I would like to preface this column with the following: As a left-leaning independent who proudly thinks for himself, I personally hold Michael Moore in the utmost contempt. His one-sided look at the world does little to promote legitimate political discourse and only serves to further partisan bickering.
That being said, however, he would (quite legitimately) have a field day investigating one of the latest additions to the Duke Board of Trustees. Recently, four alumni were nominated by the Executive Committee of the Board of Directors of the Alumni Association to serve on the University’s Board of Trustees for six-year terms, all of whom will take office on July 1. One of these new trustees is David Rubenstein, co-founder of the D.C.-based Carlyle Group.
For those who don’t know, the Carlyle Group was famously featured in Michael Moore’s recent documentary Fahrenheit 911. It was portrayed as a massive multinational conglomerate that is heavily invested in defense contractors and other industries that are closely tied to the U.S. government. Moore identified members of the bin Laden family and the Saudi royal family as some of Carlyle’s biggest investors and used the Bush family’s dealings with Carlyle to connect the Bushes to them.
Given the varied accounts of the malignancy of The Carlyle Group, its true nature probably falls somewhere in between Moore’s conspiracy theories and the Alumni Association’s suspiciously short description of Carlyle as “one of the world’s largest private equity firms.” And despite the disagreement about just how “evil” Carlyle is, one fact has been established: the connections between Carlyle, the Saudis and the bin Ladens are real. And so, at least by Michael Moore’s comparatively low journalistic standards, Duke now has a material connection to the bin Ladens and the Saudi government. May God have mercy on our souls.
While this is clearly an overstatement of the situation, there can be no doubt that the ascension of Rubenstein to Duke’s highest governing body is an extraordinarily significant event that carries with it numerous implications. Rubenstein, who The Washington Post recently called “the public face of The Carlyle Group,” will hold an extremely influential position within Duke and thereby publicly associate Duke and Carlyle.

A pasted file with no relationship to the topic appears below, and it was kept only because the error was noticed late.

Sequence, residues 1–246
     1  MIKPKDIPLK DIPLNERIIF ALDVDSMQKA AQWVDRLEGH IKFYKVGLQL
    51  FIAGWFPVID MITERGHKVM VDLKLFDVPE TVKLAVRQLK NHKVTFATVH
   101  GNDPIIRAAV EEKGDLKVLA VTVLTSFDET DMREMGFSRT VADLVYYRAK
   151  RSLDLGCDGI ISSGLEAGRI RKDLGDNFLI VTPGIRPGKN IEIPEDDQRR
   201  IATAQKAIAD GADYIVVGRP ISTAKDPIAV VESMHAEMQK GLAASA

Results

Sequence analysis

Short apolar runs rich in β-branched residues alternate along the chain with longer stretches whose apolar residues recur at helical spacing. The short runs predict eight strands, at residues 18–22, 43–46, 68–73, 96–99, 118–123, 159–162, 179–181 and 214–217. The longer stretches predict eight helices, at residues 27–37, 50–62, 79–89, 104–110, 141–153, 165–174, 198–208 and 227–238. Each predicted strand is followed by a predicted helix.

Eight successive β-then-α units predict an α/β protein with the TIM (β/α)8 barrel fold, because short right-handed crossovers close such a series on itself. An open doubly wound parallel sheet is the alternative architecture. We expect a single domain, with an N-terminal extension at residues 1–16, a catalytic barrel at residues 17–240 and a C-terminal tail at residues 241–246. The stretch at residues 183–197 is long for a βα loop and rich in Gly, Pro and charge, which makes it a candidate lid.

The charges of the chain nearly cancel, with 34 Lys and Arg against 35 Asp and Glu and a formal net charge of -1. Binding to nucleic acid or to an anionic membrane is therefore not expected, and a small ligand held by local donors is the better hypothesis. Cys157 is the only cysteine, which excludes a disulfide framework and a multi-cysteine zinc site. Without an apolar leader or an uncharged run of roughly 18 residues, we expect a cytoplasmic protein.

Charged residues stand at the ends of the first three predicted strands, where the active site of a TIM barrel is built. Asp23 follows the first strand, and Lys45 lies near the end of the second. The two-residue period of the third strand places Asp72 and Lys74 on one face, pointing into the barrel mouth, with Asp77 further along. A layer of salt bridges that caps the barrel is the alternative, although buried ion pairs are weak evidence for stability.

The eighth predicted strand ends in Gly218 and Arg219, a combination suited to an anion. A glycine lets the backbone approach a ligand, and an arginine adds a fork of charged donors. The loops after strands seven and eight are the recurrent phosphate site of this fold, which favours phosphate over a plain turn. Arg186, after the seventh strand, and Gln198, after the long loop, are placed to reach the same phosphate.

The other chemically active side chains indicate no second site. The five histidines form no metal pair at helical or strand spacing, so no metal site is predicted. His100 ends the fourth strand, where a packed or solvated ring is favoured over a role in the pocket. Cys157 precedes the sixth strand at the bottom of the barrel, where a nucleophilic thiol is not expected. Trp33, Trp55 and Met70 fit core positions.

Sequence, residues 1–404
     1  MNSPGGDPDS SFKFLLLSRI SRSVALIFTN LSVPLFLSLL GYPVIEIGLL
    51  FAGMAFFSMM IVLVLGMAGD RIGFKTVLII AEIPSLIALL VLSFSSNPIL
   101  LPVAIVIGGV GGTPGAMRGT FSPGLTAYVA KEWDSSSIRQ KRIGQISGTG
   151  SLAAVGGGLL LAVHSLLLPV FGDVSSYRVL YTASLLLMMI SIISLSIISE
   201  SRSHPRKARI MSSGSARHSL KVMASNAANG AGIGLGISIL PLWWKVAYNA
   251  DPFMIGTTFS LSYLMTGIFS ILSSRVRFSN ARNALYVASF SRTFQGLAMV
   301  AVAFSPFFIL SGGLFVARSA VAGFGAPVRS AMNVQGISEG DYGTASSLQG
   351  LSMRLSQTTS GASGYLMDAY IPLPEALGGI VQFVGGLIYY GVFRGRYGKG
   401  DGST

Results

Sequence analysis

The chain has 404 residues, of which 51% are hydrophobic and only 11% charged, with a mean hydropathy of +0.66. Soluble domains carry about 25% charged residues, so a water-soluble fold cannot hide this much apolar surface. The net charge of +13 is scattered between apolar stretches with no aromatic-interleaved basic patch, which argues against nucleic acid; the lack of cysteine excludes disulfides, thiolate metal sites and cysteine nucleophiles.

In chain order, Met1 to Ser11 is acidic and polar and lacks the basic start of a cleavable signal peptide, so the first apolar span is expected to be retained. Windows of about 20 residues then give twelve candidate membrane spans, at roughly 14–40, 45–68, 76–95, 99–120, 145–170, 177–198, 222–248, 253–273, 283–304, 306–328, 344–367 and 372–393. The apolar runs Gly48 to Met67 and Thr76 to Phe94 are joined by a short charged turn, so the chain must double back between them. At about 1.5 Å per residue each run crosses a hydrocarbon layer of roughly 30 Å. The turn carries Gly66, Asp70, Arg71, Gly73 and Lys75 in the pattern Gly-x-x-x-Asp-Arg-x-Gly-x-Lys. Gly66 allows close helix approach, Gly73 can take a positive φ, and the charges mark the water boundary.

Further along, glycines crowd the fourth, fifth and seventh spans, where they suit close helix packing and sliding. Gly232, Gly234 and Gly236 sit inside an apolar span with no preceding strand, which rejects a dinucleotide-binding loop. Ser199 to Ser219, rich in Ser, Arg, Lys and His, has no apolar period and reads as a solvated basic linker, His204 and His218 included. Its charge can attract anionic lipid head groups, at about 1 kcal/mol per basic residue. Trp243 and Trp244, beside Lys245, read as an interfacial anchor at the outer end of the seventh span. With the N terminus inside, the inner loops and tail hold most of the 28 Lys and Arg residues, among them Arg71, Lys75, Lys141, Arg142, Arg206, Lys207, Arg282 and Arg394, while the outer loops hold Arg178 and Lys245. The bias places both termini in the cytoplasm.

And in addition to Rubenstein’s nomination as a trustee, it is also important to consider that he made a significant contribution in 2003 to help expand the Sanford Institute of Public Policy. His generous donation of $5 million allowed Duke to begin construction on a new 46,000-square-foot public policy building that will open before the next academic year and will bear his name.
However, given The Carlyle Group’s role in extraordinarily controversial aspects of U.S. foreign and domestic policy, (Carlyle is also heavily invested in the health care industry), questions are raised about how the Sanford Institute itself might be influenced by Rubenstein and about how others may view the connection.
The public perception of The Carlyle Group is that it is an unscrupulous organization that has significantly profited through dubious transactions with the Saudis, the bin Ladens and the U.S. government. Rubenstein’s contention that “making money is nice, but we’re more worried about our reputation and concerned with ethics” has done little to assuage his critics, and Carlyle is still demonized by a significant portion of the American population.
Concerns about Carlyle’s activities and the ongoing debates about divestment bring up a crucial question. If Duke has a stated interest that its investments not contribute to “substantial social injury,” should that criterion not apply to donations as well? Should Duke accept what some consider blood money?
Only one’s political beliefs can answer the question of whether Carlyle’s activities have led to “substantial social injury,” and whether it’s appropriate for Rubenstein to assume his appointment as a trustee. The Carlyle Group, however, is here to stay, and the implications of that cannot be ignored.
Only after Rubenstein assumes his position can we truly know the full repercussions for Duke.
Elliott Wolf is a Pratt freshman. His column appears every other Tuesday.
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